Political Parties: Funding

Part of the debate – in the House of Lords at 3:18 pm on 20th March 2006.

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Photo of Lord Falconer of Thoroton Lord Falconer of Thoroton Secretary of State, Department for Constitutional Affairs, Secretary of State for Constitutional Affairs and Lord Chancellor 3:18 pm, 20th March 2006

My Lords, I am grateful for the unequivocal support of the noble Lord, Lord Goodhart, for the proposals that I am making. I deeply regret that the noble Lord the Leader of the Conservative Opposition does not appear to see, as the noble Lord, Lord Goodhart, said, that it is a problem for every political party in this country. The problem has arisen precisely for the reason that the noble Lord, Lord Goodhart, gave. The Committee on Standards in Public Life proposed the exception for loans on commercial terms. Everyone thought that it was perfectly sensible that the borrowing from the National Westminster Bank should not have to be disclosed. The consequences of that exception have been revealed over the past few weeks, and we need to do something about it to restore public confidence.

Like the noble Lord, Lord Strathclyde, I deeply regret that individuals' names have been brought into the press in the way that they have. I have absolutely no reason to suppose that that came from No. 10, but I share the noble Lord's deep concern that people who have given to public life in the way that many on the list have done have had their names besmirched in this way.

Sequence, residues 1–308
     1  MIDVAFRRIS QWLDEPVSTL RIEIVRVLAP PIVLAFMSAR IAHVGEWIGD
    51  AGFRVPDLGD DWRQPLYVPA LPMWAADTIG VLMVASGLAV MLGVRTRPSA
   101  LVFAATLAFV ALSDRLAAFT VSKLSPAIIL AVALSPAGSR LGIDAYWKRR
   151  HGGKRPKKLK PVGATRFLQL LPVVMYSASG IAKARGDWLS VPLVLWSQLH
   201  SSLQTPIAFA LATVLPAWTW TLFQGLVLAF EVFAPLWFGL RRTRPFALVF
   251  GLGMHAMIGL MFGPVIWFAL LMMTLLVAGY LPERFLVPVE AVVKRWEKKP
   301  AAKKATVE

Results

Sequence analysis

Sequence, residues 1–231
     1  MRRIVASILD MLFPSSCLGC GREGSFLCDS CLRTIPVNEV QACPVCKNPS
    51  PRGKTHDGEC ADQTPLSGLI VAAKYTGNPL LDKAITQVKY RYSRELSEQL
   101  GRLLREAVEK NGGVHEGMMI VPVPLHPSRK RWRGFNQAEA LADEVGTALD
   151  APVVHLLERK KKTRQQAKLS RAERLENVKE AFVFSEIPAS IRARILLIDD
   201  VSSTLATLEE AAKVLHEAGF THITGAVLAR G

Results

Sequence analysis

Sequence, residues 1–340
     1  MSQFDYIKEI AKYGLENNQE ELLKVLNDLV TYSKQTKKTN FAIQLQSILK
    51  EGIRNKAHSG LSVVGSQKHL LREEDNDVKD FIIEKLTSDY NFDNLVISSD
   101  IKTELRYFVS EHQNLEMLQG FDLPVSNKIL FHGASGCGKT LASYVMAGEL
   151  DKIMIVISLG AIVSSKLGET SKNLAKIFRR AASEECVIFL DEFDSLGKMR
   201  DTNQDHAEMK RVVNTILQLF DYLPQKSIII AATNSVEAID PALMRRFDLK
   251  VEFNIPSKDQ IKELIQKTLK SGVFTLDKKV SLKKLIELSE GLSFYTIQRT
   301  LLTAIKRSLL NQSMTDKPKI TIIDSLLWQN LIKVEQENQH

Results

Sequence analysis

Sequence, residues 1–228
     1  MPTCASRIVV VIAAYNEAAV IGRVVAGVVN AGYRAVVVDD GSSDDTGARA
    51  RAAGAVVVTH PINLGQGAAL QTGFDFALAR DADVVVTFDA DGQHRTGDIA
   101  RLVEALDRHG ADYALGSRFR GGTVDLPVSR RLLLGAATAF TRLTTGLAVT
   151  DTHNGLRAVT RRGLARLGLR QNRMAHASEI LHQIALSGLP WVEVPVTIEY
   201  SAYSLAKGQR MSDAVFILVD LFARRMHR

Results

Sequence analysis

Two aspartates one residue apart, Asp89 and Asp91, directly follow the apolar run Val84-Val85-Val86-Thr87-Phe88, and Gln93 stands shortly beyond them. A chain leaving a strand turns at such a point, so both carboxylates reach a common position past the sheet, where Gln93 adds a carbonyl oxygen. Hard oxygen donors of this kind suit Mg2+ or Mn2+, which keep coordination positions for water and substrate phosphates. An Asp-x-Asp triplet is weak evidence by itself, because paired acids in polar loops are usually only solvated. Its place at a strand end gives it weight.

I agree with the noble Lord, Lord Goodhart, that we also need to look at other issues, such as guarantees. There is a difference between what I am proposing now and what Sir Hayden Phillips will be looking at. As the chair of the Electoral Commission said in the Times this morning, we need to have political parties and they need to be funded. They need to be funded in a way that improves and impresses public confidence. That is a longer-term issue than that which can be dealt with by an amendment to the Electoral Administration Bill. But there is no need to delay introducing an amendment about transparency regarding loans. That is why I am making my announcement today.

The noble Lord, Lord Strathclyde, is absolutely right that I spoke on the radio and television about this issue today. I apologise to the House for that. It was entirely my decision and responsibility. It was an issue of great public importance, so I thought it right that the public debate should continue. I hope that those on the Benches opposite will support the proposal for greater transparency.